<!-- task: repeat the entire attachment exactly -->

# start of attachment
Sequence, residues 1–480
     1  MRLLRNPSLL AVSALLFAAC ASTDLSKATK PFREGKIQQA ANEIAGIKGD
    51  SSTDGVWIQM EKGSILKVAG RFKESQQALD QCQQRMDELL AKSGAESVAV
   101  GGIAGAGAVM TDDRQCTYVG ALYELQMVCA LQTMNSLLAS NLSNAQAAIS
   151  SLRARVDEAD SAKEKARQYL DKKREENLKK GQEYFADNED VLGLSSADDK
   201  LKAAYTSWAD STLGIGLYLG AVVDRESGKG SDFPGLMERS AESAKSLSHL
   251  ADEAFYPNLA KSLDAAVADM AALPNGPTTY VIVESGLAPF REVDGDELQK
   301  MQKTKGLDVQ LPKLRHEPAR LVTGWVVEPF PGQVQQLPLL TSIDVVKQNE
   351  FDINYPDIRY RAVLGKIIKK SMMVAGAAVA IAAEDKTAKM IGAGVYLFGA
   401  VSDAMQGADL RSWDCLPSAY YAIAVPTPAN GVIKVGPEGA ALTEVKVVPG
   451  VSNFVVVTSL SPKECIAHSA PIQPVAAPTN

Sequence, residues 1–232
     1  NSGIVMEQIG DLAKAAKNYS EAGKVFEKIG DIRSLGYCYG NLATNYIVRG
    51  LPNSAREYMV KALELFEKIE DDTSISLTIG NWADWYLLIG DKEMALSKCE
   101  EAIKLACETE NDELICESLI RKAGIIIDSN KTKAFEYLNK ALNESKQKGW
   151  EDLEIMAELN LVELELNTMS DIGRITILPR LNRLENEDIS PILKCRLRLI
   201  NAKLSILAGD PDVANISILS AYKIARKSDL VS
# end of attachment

Sequence, residues 1–480
     1  MRLLRNPSLL AVSALLFAAC ASTDLSKATK PFREGKIQQA ANEIAGIKGD
    51  SSTDGVWIQM EKGSILKVAG RFKESQQALD QCQQRMDELL AKSGAESVAV
   101  GGIAGAGAVM TDDRQCTYVG ALYELQMVCA LQTMNSLLAS NLSNAQAAIS
   151  SLRARVDEAD SAKEKARQYL DKKREENLKK GQEYFADNED VLGLSSADDK
   201  LKAAYTSWAD STLGIGLYLG AVVDRESGKG SDFPGLMERS AESAKSLSHL
   251  ADEAFYPNLA KSLDAAVADM AALPNGPTTY VIVESGLAPF REVDGDELQK
   301  MQKTKGLDVQ LPKLRHEPAR LVTGWVVEPF PGQVQQLPLL TSIDVVKQNE
   351  FDINYPDIRY RAVLGKIIKK SMMVAGAAVA IAAEDKTAKM IGAGVYLFGA
   401  VSDAMQGADL RSWDCLPSAY YAIAVPTPAN GVIKVGPEGA ALTEVKVVPG
   451  VSNFVVVTSL SPKECIAHSA PIQPVAAPTN

Sequence, residues 1–232
     1  NSGIVMEQIG DLAKAAKNYS EAGKVFEKIG DIRSLGYCYG NLATNYIVRG
    51  LPNSAREYMV KALELFEKIE DDTSISLTIG NWADWYLLIG DKEMALSKCE
   101  EAIKLACETE NDELICESLI RKAGIIIDSN KTKAFEYLNK ALNESKQKGW
   151  EDLEIMAELN LVELELNTMS DIGRITILPR LNRLENEDIS PILKCRLRLI
   201  NAKLSILAGD PDVANISILS AYKIARKSDL VS